FICO - The First Step to Owning
Choosing a lender isn't the first step in becoming a homeowner. In reality, the home buying process starts and ends with your finances. Without a reasonable FICO score, buying a house is harder and, you could end up renting for another couple of years in Needham until your FICO score is acceptable.
A FICO score is a review of your years of credit history based on a model developed by Fair Isaac and Company. Most people usually have a score of 650, but scores are tiered from 300 to 850. Job loss has been common in the last few years, but FICO scores aren't necessarily adjusted "on a curve." A low score is just that and often means you can't get credit. Some of the factors in summing up your FICO score are:
- Types of Credit — Do you have a healthy mix of credit cards and loans?
- Payment History — How many late payments have you made?
- Credit to Debt Ratio — How much do you owe versus how much credit you have available?
- Credit Inquiries — How many times has your credit history been accessed by someone other than you?
In reviewing your credit history, you'll see that you actually have three reports. Experian, Equifax and TransUnion — three of the major credit reporting agencies — use a slightly different systems to determine your credit rating. FICO is used by Experian. Equifax's model is called BEACON and TransUnion uses EMPIRICA. This means you have three scores, one for each scoring model.
When you apply for a mortgage or any other loan, lenders want to make sure that extending a loan to you isn't a risk. Your FICO score gives lenders an insight into what type of borrower you'd be solely because of your credit history. You'll need a score of at least 740 to get a satisfactory interest rate. You'll still qualify for a loan with a lower score, but the interest accumulated in the long run could be more than double that of someone with a better credit score.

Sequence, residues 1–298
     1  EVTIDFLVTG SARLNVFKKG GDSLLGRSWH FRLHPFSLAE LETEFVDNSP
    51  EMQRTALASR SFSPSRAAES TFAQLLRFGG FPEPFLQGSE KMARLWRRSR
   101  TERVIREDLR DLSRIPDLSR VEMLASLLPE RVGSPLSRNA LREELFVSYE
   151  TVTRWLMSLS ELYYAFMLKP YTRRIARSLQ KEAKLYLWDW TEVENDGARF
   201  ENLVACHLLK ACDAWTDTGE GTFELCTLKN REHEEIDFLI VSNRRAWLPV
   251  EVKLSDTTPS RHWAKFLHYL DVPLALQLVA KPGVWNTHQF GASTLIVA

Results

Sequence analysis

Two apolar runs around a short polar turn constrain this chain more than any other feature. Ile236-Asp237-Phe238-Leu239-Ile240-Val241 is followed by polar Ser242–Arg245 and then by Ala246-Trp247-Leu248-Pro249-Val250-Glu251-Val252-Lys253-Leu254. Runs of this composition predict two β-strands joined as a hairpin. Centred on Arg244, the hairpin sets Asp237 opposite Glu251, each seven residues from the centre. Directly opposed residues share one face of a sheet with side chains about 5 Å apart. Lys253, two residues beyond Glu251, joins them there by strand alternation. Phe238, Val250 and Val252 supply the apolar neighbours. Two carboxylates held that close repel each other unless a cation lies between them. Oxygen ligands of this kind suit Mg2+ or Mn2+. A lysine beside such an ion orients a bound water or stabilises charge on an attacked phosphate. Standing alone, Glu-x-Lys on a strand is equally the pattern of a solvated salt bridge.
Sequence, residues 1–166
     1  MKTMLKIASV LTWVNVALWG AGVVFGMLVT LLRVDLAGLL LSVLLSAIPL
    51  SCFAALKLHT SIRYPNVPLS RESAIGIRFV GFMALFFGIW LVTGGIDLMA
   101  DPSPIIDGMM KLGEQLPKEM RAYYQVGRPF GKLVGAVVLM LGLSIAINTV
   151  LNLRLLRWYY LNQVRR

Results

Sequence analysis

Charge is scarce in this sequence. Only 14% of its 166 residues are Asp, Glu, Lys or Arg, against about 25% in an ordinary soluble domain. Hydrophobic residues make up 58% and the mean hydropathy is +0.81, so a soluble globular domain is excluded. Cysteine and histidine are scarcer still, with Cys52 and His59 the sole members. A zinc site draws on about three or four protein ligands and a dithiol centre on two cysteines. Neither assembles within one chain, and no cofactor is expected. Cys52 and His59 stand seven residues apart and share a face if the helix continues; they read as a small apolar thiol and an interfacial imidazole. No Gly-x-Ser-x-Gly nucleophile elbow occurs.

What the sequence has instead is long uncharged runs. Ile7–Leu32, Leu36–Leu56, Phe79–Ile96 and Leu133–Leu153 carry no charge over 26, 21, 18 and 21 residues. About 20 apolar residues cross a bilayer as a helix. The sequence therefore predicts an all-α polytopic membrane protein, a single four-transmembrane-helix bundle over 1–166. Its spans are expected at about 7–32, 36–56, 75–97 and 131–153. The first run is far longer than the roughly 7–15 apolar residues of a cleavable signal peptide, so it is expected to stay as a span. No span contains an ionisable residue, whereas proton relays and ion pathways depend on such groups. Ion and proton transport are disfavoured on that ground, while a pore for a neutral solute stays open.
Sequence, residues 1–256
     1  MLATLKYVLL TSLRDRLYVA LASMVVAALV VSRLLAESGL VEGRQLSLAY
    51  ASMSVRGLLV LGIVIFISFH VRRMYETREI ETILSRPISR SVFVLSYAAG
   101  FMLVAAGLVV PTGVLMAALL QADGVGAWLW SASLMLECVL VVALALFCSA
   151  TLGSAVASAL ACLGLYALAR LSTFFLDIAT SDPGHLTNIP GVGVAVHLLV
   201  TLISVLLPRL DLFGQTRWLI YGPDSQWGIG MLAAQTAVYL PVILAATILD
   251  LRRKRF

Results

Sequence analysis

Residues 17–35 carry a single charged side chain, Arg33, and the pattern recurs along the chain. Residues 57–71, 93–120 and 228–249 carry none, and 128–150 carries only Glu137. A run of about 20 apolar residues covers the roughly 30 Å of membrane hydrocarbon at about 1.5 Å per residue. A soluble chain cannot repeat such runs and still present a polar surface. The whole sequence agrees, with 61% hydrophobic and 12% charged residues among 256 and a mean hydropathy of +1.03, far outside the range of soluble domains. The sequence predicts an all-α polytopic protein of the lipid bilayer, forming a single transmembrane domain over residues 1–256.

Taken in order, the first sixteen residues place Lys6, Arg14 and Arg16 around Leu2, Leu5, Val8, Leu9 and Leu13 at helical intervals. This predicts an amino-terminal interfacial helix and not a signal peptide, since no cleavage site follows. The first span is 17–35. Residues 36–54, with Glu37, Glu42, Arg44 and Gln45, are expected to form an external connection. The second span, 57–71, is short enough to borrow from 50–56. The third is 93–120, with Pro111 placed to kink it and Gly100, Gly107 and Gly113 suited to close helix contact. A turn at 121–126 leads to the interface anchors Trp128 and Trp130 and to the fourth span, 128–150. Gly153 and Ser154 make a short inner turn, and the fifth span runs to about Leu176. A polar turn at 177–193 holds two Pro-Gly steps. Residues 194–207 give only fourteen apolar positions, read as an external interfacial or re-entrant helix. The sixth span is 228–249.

We're used to working with all tiers of credit scores. Call us at (617) 799-3326 and we can help you get on the right track to the home of your dreams.
How do you get a better score? Improving your FICO score takes time. It can be difficult to make a significant stride change in your credit score with quick fixes, but your score can improve in a year or two by monitoring your credit report and by wisely using credit. The best way to do this is to know your FICO score. Here are some methods to improve your credit score:
- Even out your debt. At first, this doesn't seem like a good idea. But, you want to avoid of having one card that is holding the maximum and have your remaining cards at a zero balance. It's better to have each of your cards at about 25% of their credit limit than to have all of your debt transferred to one card.
- Apply for service station cards or department store credit. For those who have non-existent credit or low credit, chain store credit cards and gas credit cards are ways to begin your credit history, increase your credit limits and stay on top of your payments, which will raise your FICO score. You must always beware of keeping a high balance for more than a couple of billing cycles because these types of cards traditionally have a steeper interest rate.
- Keep your cards active. Whether you have older cards, or are just getting started with credit, use your cards to make sure your accounts maintain an active status. But, make sure you pay them off in one or two payments.
- Keep up with payments. How often you're late with payments greatly affects your credit score. It's one of the reasons people who have recently experienced job loss see the biggest hit in their credit score. Yes, it takes longer to restore your credit with payment history, but it's the surest way to show that you're responsible enough to make payments to a bank.
- Correct your credit report. If you find incorrect items on your credit report, write to the bureau requesting that the item be removed. If you have a common name or the same name as a family member, you'll want to give extra care to make sure the activity reported is correct.
Knowing the ways you can raise your FICO score, you can move toward becoming a homeowner. Keep in mind that when you're ready to apply for a loan to purchase a home, you'll want to keep your credit inquiries within a two-week window to avoid adverse effects on your credit score. With the help of Louis Wolfson & Co., the loan process can be a stress-free experience so you, too, can achieve home ownership.
Learn more about FICO scores at myFICO.com, Fair Isaac's informational site and review your credit history for free at annualcreditreport.com. And, for a small payment, you can get your FICO score from each bureau on their websites: equifax.com, experian.com and transunion.com.